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In the Moment With Iron & Wine

Beam talks literary tropes, the passing of time and new album "Beast Epic"

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    Iron & Wine headline Balboa Theatre on Saturday, Oct. 28.

    Beast epic. It might sound fierce and foreboding, but in literature, the beast epic is a satirical cycle of poetry involving animal protagonists. Think Aesop's fables or George Orwell's "Animal Farm" but less moralistic and written in verse, not prose.

    For some reason, the literary term spoke to Iron & Wine's Sam Beam, who titled his new album "Beast Epic." 

    "I just liked the sound of it. It felt like it was a talking story about a bad person and also a fragile person ... There's a lot of different narrators, and I like things that have layers of meaning," Beam told me over the phone last month, explaining some of the many reasons he chose the title.

    Literature, in diverse forms, is central to Beam's output.

    "I’ve worked on lots of screenplays, trying to adapt some books ... I never studied music, but I did go to art school and film school," Beam said.

    Iron & Wine have gone through a number of transitions over the years, from the early, hushed four-track recordings of "The Creek Drank the Cradle" to the later, jazz- and R&B-influenced "Ghost on Ghost," but "Beast Epic" finds its correlate somewhere between the two -- yet, without the self-described "anxious tension" of "The Shepherd's Dog" and "Kiss Each Other Clean." The production is minimal but polished, and the songs are confidently relaxed.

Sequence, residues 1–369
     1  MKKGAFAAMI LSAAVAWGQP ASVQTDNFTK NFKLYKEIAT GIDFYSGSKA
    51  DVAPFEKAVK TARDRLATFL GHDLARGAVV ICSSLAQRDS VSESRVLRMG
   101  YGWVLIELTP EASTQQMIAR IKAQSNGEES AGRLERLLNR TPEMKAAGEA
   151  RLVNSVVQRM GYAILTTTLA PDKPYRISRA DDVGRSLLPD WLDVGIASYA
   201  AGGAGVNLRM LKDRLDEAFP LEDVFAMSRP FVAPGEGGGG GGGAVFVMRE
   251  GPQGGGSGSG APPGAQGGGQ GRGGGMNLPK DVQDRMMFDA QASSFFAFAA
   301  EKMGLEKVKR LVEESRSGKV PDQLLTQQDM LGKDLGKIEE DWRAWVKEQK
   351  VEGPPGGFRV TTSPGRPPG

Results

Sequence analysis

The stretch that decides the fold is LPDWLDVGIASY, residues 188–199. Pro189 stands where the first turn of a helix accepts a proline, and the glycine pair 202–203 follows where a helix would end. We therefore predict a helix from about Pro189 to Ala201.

"It was nice when I realized that it felt a bit more familiar," Beam explained. "It seemed appropriate for the songs. They seemed like they wanted to be dressed that way."

    While much of the new album is concerned with age and the passing of time, it doesn't seem to affect Beam too much on a personal level.

    "I don’t think about it a whole lot. When I sit down to write songs, that’s just where my mind goes. You start to think about the value of moments, and any time you start to deal with narrative stories, you start to become obsessed with timelines," he said.

    "I don’t think I obsess about the brevity of time any more than anyone else. I’m actually trying to be really present, just trying to enjoy the moment and not get too wrapped up in what I have next. I’m always working," Beam added.

    Iron & Wine headline Balboa Theatre on Saturday, Oct. 28. Get tickets here.

    Rutger Rosenborg was almost a Stanford poet-neuroscientist before he formed Ed Ghost Tucker. Whoops. He now fronts the Lulls, plays lead guitar in LA band Velvet and makes music on his own when he's not writing. Follow his updates on Instagram and Twitter (@RArosenborg), add him on Facebook or contact him directly.